What seemed so maudlin, these wrenching memorials and more wrenching songs of the era were not. An alleged Victorian mania for all-things-death not withstanding, artists continually reminded us what we were doing to each other.
Stephen Foster, from Hathitrust, in public domain
AS usual, looking for something else, came across a veritable dirge by Stephen Foster. Prolific and beloved,
Foster was capable of doing what great artists do. They evoke, doesn't matter what, it's the successful tugging at something in one's soul which makes it art. Have a few opinions on that, feeling strongly those so gifted have a kinda obligation to play nicely with all of us- hence a dislike of both Poe and few disturbing Van Goghs.
Foster, along with several other composers forgivably reminded us what war was. I say forgivably because tragedy creates empathy between us ( or should ), a giant step towards peace.
Weirdly found an LoC mourning illustration, one of hundreds sold between 1861 and 1865. You bought a print, grave and mourner, and filled in the name. This name, John Wilson, died at Stone's River in December, 1862, fighting with the 15th OVI. His mother's name was Sarah.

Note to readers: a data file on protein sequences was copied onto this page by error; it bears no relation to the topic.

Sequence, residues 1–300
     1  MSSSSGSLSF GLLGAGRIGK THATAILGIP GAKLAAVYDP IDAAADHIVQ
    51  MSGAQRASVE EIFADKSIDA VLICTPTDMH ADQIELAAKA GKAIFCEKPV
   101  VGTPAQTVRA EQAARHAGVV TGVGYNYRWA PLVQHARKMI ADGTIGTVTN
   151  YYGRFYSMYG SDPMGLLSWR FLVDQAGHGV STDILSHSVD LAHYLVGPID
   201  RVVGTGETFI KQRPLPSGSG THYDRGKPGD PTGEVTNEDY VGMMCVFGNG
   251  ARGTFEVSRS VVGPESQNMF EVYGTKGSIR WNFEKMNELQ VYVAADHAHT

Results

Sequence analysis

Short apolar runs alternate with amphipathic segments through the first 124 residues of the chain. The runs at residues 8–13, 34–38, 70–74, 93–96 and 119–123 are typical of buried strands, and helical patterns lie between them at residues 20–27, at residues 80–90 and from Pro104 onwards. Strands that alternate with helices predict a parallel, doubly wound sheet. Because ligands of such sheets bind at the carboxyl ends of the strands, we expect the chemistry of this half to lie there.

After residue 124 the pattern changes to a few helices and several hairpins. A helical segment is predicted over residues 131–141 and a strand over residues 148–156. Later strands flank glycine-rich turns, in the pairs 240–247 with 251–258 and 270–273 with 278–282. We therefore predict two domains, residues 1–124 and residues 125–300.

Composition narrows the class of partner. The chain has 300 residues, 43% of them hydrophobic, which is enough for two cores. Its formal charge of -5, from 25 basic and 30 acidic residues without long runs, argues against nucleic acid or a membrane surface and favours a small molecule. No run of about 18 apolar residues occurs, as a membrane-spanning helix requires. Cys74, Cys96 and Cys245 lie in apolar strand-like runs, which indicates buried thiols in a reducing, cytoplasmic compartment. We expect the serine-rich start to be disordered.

" Bury me in the morning, and mourn not at my loss.
For I'll join the beautiful army, that carried the Saviour's cross "
Also forgivably religious. It's all they had.
Cannot find his Find A Grave- a plethora of John Wilsons fought in the war, quite a few born in Ohio survived it. This man, from Perry, Fayette, Ohio, mother Sarah, father William is the only one who has no post war records.